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Seymour Hersh: US Training Iranian Terrorists in Nevada

The Bush administration secretly trained an Iranian opposition group despite its inclusion on the State Department's list of foreign terrorists.
 
 
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AMY GOODMAN: In what appears to be a first for U.S. foreign policy, new revelations have emerged that the Bush administration secretly trained an Iranian opposition group despite its inclusion on the State Department’s list of foreign terrorists. Writing for  The New Yorker magazine, Pulitzer Prize-winning journalist Seymour Hersh reports U.S. Joint Special Operations Command trained operatives from Mujahideen-e-Khalq, or  MEK, at a secret site in Nevada beginning in 2005. According to Hersh,  MEK members were trained in intercepting communications, cryptography, weaponry and small unit tactics at the Nevada site up until President Obama took office. The  MEK has been included on the State Department’s list of foreign terrorist groups since 1997. It’s been linked to a number of attacks, spanning from the murders of six U.S. citizens in the ’70s to the recent wave of assassinations targeting Iranian nuclear scientists.

Although the revelation that the U.S. government directly trained the  MEK comes as a surprise, it’s no secret the group has prominent backers across the political spectrum. Despite it’s designation as a "terrorist" organization by the State Department for 15 years, a number of prominent former U.S. officials have been paid to speak in support of the  MEK. The bipartisan list includes two former  CIA directors, James Woolsey and Porter Goss; former Homeland Security Secretary Tom Ridge; New York City Mayor Rudolph Giuliani; former Vermont Governor Howard Dean; former Attorney General Michael Mukasey; former  FBI Director Louis Freeh; former U.N. Ambassador John Bolton; and former Pennsylvania Governor Ed Rendell.

Last month, Rendell and other unnamed officials were subpoenaed by the Treasury Department over their ties to  MEK. Mukasey and Freeh have retained former Clinton administration Solicitor General Seth Waxman in response to the Treasury Department probe. Rendell, meanwhile, has shrugged off the scrutiny. Speaking at a public event in support of the  MEK Friday in Washington, he told the crowd, quote, "I never knew obtaining a subpoena from your own government would be so much fun."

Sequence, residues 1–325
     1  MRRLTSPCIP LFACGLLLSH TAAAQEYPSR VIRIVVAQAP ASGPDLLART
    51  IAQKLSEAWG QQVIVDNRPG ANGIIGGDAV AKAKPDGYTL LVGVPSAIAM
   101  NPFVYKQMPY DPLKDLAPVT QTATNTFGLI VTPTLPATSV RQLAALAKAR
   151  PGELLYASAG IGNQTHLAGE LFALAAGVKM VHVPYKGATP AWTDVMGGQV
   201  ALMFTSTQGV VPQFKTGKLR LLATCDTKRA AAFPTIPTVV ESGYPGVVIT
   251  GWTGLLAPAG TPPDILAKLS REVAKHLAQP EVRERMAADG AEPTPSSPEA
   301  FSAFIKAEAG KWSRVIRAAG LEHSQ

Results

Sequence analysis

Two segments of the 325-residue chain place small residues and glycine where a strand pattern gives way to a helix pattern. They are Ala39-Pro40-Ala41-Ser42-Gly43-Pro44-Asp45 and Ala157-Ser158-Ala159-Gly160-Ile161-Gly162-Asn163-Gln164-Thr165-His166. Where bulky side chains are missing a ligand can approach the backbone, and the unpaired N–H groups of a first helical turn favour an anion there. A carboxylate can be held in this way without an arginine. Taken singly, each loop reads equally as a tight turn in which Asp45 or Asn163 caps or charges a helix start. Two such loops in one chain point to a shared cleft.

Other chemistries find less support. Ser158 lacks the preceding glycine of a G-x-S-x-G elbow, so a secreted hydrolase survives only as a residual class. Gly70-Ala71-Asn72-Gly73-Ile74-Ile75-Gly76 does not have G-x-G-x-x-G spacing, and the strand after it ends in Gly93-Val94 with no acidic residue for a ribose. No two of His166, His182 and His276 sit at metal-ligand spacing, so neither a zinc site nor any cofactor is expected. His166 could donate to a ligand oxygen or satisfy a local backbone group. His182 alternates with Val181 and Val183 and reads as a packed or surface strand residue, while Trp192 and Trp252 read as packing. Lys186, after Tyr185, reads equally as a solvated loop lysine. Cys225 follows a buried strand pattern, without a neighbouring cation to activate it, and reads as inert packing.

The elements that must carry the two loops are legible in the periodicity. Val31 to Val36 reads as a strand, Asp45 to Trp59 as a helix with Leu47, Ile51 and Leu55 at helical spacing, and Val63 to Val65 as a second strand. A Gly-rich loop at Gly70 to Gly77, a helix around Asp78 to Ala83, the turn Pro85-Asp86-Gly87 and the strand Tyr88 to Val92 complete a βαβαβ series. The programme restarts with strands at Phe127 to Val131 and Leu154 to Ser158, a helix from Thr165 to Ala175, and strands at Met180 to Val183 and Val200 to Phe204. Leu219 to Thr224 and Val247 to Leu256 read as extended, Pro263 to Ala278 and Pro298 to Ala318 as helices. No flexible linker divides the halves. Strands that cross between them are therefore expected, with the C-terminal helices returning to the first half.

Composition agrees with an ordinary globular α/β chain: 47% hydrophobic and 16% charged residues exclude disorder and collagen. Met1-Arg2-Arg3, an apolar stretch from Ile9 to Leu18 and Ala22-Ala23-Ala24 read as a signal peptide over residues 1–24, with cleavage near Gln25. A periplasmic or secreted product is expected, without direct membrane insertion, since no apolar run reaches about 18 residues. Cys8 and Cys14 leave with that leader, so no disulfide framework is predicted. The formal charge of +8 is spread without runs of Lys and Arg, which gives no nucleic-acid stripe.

Well, for more on the U.S. and its ties to the  MEK, we’re joined by Seymour Hersh in Washington, D.C. His new  piece for The New Yorker is called "Our Men in Iran?"

AMY GOODMAN: Tell us what you have learned. Who are, as you call it, "our men in Iran"?

SEYMOUR HERSH: They are as you said. The MEK—and by the way, once again, Amy, the piece was on  The New Yorker blog, not in the magazine; it’s a shorter piece. But anyway, the point is, it went through the same sort of intense checking as anything in  The New Yorker, of course.

Simply, they’re just the Khalq, the  MEK. We began to—I learned about this many years ago. It’s just one of those things that it never quite occurred to me how important it was. And what is important about also the—they did stop, there’s no question, this sort of training that was going on. It was going on at a place called the Nevada Nuclear Security or National Security Test Site. It’s a former site for World War—post-World War II nuclear testing of weapons, testing of nuclear weapons. And it’s off-limits to people. And it’s—there’s an air base there. God knows what went on there. My own guess is rendition flights also flew into that air base in '02, ’03. There's some evidence for it. But certainly, the groups of  MEK were flown in secretly by, I presume, the Joint Special Operations Command. This is this new high-powered group that’s been doing all the night raids in Afghanistan, that also came up in your news broadcast.

 
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